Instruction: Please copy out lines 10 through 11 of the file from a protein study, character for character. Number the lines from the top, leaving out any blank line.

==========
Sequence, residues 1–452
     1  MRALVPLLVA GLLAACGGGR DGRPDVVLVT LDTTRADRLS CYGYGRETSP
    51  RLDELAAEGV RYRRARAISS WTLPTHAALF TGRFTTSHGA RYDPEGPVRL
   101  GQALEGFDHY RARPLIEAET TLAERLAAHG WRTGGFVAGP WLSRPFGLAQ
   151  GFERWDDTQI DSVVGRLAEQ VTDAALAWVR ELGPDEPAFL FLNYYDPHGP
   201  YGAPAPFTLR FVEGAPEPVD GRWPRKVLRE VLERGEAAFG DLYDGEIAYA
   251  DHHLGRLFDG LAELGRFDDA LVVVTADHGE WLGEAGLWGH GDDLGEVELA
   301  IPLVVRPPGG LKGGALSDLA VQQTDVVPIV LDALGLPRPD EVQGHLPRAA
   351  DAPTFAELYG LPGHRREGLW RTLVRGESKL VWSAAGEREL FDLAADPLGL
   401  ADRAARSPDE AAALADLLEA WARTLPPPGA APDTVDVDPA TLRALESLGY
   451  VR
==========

   401  ADRAARSPDE AAALADLLEA WARTLPPPGA APDTVDVDPA TLRALESLGY
   451  VR